More ≠ Better, a framework for feature decisions

More ≠ Better, a framework for feature decisions

BS Mission Statements

Say "mission statement" to a group of tech people and you'll hear a lot of sighs. Does it make you think of corporate buzzwords and executives that talk the talk but don't walk the walk?

Regardless of what you call it, it's vital for a new startup to have a mission or north star that actually means something to the founders.

North Star

Products and companies evolve. Suggestions flood in from users, customers, friends. Data starts to show trends. Founders start to see what's working and what's not.

A big problem at startups is how to choose what feature they're going to add next. Many startups end up adding features that were in their backlog and no one stops to think "but why should we do this? is it aligned with the mission? is there data to support it?".

Seagull Corp.

Let's say a founder at Seagull Corp. wants to test out an idea so they go ahead and add Feature X.  In 6 months, 90% of users don't use that feature because it's not really something they care about. The 10% of users that do use it report a lot of bugs. There are 12 low priority bugs in the backlog for Feature X.

Feature Y is the crowning jewel of the app. Most users that use that app love it and it's a key reason why they keep coming back to the app. There are no bugs in the backlog for this feature because they're always high priority and get fixed immediately.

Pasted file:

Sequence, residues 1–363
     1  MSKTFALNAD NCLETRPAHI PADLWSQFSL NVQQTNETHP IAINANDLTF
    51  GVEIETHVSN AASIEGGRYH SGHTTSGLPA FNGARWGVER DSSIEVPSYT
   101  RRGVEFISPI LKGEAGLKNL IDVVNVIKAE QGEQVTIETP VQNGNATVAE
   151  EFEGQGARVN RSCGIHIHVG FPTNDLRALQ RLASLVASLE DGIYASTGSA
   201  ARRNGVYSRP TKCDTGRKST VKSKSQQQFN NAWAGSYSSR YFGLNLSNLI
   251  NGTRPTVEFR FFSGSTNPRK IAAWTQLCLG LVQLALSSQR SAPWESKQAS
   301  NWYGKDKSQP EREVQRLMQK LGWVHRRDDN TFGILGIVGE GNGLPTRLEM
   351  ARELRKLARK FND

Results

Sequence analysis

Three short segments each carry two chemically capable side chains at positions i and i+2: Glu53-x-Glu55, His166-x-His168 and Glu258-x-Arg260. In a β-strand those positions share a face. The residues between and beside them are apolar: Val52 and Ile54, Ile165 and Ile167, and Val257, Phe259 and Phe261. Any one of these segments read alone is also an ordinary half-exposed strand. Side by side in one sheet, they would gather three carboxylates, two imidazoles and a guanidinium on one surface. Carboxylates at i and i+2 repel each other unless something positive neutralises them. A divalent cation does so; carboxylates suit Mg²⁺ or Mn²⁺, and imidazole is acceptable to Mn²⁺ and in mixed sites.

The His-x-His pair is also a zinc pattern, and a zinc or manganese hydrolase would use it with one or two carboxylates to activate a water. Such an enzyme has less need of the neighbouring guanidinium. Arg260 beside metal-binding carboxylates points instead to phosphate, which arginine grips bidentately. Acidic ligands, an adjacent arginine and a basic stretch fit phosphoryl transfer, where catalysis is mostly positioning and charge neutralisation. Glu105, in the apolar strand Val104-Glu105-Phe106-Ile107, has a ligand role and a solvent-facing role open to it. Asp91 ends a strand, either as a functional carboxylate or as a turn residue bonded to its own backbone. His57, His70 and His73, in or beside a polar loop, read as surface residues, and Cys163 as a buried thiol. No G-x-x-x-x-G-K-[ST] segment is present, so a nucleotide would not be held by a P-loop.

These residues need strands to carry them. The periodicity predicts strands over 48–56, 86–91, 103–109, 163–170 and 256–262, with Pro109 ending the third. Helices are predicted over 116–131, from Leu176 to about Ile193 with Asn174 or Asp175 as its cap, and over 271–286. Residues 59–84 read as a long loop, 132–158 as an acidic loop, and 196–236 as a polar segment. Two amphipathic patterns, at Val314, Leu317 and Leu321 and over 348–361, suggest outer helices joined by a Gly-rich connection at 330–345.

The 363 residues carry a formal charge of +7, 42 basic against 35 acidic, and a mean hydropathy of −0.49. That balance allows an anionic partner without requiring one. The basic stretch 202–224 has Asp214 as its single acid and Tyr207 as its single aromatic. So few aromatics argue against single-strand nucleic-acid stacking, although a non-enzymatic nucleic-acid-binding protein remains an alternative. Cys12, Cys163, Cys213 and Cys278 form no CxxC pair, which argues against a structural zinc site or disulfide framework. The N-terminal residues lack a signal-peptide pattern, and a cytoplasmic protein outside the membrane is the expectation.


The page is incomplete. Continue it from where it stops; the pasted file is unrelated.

The reality is this:

  • Most founders will leave Feature X in forever, support it, and feel guilty about the unfixed bugs and complaints from users that use it (and about stringing them along about when they'll be fixed). They figure more features is better. The bugs stay in the backlog forever and are never done.
  • If the founder stopped to consider whether they should delete Feature X altogether, how would they even evaluate it? We know only 10% of users use it--is that enough to axe it?

Having a north star helps every single person on a startup team make decisions. The north star influences all work done and subconsciously influences the tiny micro-decisions that teammates make while they're working, whether they're coding, writing marketing copy, or helping customers.

Let's deep dive on Feature X and Feature Y.

Seagull Corp.'s north star is to help teachers spend more time teaching and less time doing admin.

Feature Y

Feature Y is a to do list planning app that delivers a small prompt to the teacher via email each week in summer to help them plan the next year without feeling overwhelmed.

  • Week 10 prompt: Let's think about lesson plans for module 3. Last year, you used the below 12 lesson plans. Other CA teachers have reported that due to curriculum changes you should swap out the last one with the 2023 version. Do you want to accept these suggestions as draft for Module 3?

This feature is beloved by teachers. It's directly contributing to the North Star--it saves admin time and helps them make slow, measured progress towards the next school year. The data shows that it's sticky and useful.